He’d been told all his life there was a way. If he just worked hard enough, he would find the formula that would lead him outside of the highways structured to trap him inside. But, the how of it all was always just out of his grasp. All he had was t-shirt slogans of “Be all you can be” and “If you believe you can achieve” from teachers and advice from people who never managed an escape themselves. He was a product of lack of clarity and unmet needs. The only thing clear was the money. He saw athletes and high-paid actors level the playing field enough to live out loud by having that one thing. Elijah could see that much, the way out of purgatory was lit by dollar signs.

Even if he could go back, he knew he would do it all again. At least this time he could go in with his eyes wide enough to see the set up that brought him there. At least this time it would be his decision and not a clever bait and switch to ensure advantage. His circumstances would have been the same. He wasn’t that great at sports and even if he was most of the kids he knew that were had a snowball’s chance in hell getting to play professional ball. He’d had his moments in school, but he wasn’t an academic and he’d never been much of a rhymer. What else was there? Every rich person he knew of who shared his hue seemed to have one of the three in common. He chose the fourth option and what started out as ‘pick this up and drop it off over there’ turned into ‘talk to my buddy he’ll give you some credit’. He put his hands on every trinket he’d ever dreamed of as a little kid watching people live on tv. He got outside of the four concrete walls that boxed them in and saw the world. He made enough money to dull the pain of helping the enemy mainline death into the bloodlines that got him this far. He was paying for that now. Here he was back in the same hood, in the same state of mind as he was when he started and he had nothing but the destruction around him to show for it.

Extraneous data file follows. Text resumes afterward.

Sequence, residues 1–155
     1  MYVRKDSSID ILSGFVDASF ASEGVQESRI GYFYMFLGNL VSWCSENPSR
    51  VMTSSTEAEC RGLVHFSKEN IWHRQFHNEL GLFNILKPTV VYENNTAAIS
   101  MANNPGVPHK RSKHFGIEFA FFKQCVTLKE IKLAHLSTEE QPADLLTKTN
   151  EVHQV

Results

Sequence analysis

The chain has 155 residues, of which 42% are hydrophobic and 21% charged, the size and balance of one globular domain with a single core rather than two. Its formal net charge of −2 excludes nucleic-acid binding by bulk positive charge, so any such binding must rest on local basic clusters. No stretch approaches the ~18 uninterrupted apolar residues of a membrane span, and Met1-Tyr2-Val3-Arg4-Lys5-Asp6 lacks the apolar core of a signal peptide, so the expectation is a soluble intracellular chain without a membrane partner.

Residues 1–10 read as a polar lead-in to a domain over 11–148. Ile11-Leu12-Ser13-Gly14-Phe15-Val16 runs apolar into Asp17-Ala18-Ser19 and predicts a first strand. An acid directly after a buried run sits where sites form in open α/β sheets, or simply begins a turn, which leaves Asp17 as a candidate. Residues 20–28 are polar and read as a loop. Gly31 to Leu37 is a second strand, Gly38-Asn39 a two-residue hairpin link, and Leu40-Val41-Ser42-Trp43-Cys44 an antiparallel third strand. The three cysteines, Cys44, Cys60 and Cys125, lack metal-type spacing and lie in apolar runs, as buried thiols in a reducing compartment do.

Entering a courthouse is like being processed for a crime you haven’t committed yet. The guard’s rough hands jerked and thudded against his body searching for anything that resembled the long list of items on a large poster behind him. Elijah could point out the various stages of anxiety on the people moving around him being poked and prodded physically before going to be poked and prodded mentally. A few of them nervous and hopeful headed towards the bond hearing courtrooms. Their biggest worry was having enough money; they were at the mouth of the rabbit hole. Violators headed towards the traffic hearing rooms looked more hassled than concerned. They were the nickels and dimes of the system; the rapid flowing revenue that would stay guaranteed and steady. Everyone heading in Elijah’s direction was somber with a world of worry hidden away inside. They were headed to the rooms where fates were decided. Where you get a fleeting glance at what was taken from you. Where you might have to say goodbye.